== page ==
College Summer Leagues Begin Unprecedented Season

Image credit: Opening Day in the San Diego League (Photo courtesy of the San Diego League)

Summer officially arrives Saturday and with the solstice and the season’s change, summer college baseball is also underway around the country. The summer ball ecosystem looks quite a bit different this year as leagues and teams deal with the challenges of operating during the coronavirus pandemic, but the games have begun in several leagues around the country.

Many leagues, including the venerable Cape Cod League, were forced to cancel their seasons entirely. Geographically large leagues that are pressing on, like the Coastal Plain League and Northwoods League, have split into regional pods, acknowledging the challenges of operating under a different set of laws and guidelines in each state. In a suddenly disrupted ecosystem, new leagues have formed to take advantage of local guidelines that allow for games to be played and to give players an opportunity to get back on the field.

Players, many of whom were eager to play this summer after losing three-quarters of their spring season, have been shuffled into different leagues due to the shutdowns and a desire to stay closer to home or school this summer. Those changes have dramatically changed the talent level of the leagues.

Put it all together and 2020 is a summer unlike any other for college baseball.

“In 20 years in the business, I’ve never seen anything like this before,” Coastal Plain League commissioner Justin Sellers said.

In the early weeks of the coronavirus pandemic’s grip on America, there was a cautious optimism among the leaders of collegiate summer leagues. The virus’ outbreak had led to the cancellation of the spring college season, but there was hope that the summer wood bat leagues would be able to play.

But some of that early hope began to fade when the Valley League on April 2 became the first summer league to cancel its season. The Cape Cod League, the premier college summer league, made the same decision about three weeks later. For the first time since 1946, there would be no summer ball on the Cape. At the time, it seemed unlikely there would be much, if any, summer baseball around the country.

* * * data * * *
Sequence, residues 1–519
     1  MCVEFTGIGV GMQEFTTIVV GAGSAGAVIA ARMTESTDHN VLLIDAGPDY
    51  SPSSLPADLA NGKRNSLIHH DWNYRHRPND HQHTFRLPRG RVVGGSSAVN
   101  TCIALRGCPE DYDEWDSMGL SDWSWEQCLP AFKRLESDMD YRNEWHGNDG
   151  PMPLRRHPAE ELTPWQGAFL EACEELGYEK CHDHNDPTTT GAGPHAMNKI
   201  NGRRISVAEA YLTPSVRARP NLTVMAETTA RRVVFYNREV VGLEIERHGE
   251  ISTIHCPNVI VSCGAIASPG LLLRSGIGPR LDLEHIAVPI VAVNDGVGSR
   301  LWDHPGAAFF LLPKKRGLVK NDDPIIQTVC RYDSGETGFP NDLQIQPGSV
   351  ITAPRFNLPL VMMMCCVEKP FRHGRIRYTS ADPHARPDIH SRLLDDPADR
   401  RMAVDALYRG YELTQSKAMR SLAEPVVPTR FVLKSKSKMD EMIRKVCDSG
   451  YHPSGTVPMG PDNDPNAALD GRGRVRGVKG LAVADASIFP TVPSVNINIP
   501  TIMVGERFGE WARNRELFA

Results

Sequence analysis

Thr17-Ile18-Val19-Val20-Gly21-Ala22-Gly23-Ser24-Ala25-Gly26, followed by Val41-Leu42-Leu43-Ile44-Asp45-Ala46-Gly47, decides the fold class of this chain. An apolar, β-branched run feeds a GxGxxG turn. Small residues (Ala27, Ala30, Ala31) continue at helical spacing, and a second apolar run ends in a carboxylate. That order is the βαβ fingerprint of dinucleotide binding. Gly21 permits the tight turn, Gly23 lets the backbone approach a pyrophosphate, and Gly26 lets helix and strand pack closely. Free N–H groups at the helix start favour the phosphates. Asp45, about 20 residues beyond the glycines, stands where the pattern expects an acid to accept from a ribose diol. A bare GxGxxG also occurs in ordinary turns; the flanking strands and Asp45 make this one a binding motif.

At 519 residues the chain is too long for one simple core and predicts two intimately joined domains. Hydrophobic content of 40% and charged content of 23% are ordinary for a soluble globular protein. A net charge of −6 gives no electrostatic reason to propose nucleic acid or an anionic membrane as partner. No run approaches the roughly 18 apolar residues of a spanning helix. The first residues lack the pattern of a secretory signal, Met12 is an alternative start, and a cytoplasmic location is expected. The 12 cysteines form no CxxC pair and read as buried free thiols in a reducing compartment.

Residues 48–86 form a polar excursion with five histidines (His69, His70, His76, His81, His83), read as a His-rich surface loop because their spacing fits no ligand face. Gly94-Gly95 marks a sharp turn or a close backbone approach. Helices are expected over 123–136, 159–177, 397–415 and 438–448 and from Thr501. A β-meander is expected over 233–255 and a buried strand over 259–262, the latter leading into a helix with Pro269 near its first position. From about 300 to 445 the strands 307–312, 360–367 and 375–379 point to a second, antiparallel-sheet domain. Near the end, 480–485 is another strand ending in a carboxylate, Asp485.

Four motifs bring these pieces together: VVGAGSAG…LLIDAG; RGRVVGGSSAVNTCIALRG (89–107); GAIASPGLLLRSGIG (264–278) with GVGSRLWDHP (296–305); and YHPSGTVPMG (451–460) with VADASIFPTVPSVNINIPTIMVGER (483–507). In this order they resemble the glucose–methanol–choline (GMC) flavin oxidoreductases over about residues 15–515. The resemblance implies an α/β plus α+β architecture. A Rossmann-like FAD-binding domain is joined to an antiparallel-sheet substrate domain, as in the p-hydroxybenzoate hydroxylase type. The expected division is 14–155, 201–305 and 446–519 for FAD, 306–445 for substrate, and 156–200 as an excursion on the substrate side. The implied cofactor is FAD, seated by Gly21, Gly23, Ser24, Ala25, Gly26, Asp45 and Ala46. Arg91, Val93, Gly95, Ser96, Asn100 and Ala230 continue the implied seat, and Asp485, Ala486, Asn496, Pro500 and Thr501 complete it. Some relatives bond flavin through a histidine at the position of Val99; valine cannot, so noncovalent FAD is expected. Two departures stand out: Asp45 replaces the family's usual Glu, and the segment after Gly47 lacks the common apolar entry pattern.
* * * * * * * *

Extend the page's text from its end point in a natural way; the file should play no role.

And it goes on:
But as states moved toward reopening, some summer leagues developed plans that would allow them to continue to play in 2020. The San Diego League went so far as to create graphics showing how many families could spread out socially distanced on blankets on a baseball field if it were a public park,

“Things looked bleak for a while,” Florida Collegiate League president Stefano Foggi said. “Even when we were restructuring, we wanted to have structure in place. To have all those pieces fall into place has been remarkable to see.”

The leagues that have been able to continue are mostly centralized, playing games in a small geographical area or even at just one site. This eliminates the complicated logistics of long road trips and greatly lessens or eliminates the need for host families.

The larger leagues—those that bring in players from across the country or are spread across multiple states—have found restarting more difficult. Even the Coastal Plain and Northwoods Leagues, which both deal with those challenges and are still playing, have had to make significant changes to create pod systems.

The Coastal Plain League is slated to open its season July 1 with its teams in Georgia and South Carolina playing in one pod. Its plans for more pods for its teams in North Carolina and Virginia are still in development, as those states continue their reopening plans.

Sellers said the league shifted to a pod concept last month, as it became clear that Georgia and South Carolina were on a faster track to reopening.

“We created a pod with those three teams and moved them to the next stage, while at the same time working with the remaining teams in North Carolina and Virginia, as well as their respective local and state governments to figure out ways we could safely open in a northern pod or two separate pods in that northern area. That’s still a process that’s still going on right now.

“It’s the only feasible way that we could see getting baseball going in our region because of the geographics in our league.”

Already, four teams in the league have announced they will not play this summer. One—Florence—plays on a college field and with the college closed for the summer, the field is not available. Two—Holly Springs and Tri-City—are located near large cities (Raleigh, N.C., and Richmond, Va.) which have the highest case totals and hospitalizations of any markets in the league, Sellers said.